In yet another example, see FIG. 9 both positive and negative ESD can be detected by having two different layers of electric paper, for example, one indicator 126 with all the white hemispheres originally showing for white paper 128 and the other layer with all the black hemispheres originally showing for black paper so that after a positive electric field is applied to the white paper, the white hemispheres rotate to show the black hemispheres and after a negative electric field is applied to the black paper, the black hemispheres rotates to show the white hemispheres. In this embodiment, both indicators 126 and 128 are positioned relative to an entire circuit board 100 or area of interest so that any type of electrostatic discharge applied to any electrical component 102 will be detected. FIG. 10 shows a side view of indicators 126 and 128 located relative to circuit board 100. The relative locations of the circuit board and indicators 126 and 128 may be changed without affecting the operability of the indicators.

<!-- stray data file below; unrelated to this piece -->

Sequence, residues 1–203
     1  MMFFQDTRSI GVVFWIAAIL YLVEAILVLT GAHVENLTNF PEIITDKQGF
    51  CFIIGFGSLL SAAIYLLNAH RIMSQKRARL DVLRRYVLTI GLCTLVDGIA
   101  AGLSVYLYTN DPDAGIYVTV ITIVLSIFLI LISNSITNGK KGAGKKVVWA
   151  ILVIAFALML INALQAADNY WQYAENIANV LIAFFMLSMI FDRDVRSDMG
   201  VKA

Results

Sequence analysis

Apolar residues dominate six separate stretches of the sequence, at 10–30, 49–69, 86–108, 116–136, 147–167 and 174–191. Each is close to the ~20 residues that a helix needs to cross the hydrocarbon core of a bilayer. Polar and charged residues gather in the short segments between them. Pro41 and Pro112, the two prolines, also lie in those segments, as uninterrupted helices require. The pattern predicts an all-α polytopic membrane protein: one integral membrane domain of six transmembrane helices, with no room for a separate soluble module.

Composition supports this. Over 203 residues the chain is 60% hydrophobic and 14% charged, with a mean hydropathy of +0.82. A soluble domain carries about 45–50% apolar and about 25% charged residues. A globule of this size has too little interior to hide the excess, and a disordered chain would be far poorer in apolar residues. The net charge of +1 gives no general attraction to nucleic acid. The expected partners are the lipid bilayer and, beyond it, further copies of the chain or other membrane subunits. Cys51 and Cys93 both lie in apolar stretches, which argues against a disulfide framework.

At certain workplaces, it is important to eliminate electrostatic discharges which could damage electronic components. Handling integrated circuits on a workbench or at a desk are two examples. A sheet of electric paper may be placed on a grounded worksurface to provide a record of any discharges in the area as a means to confirm that anti-static measures are effective. The sheet could also be used during servicing or even placed in a copier or printer near a suspected failed component to see if there is, in fact, a discharge.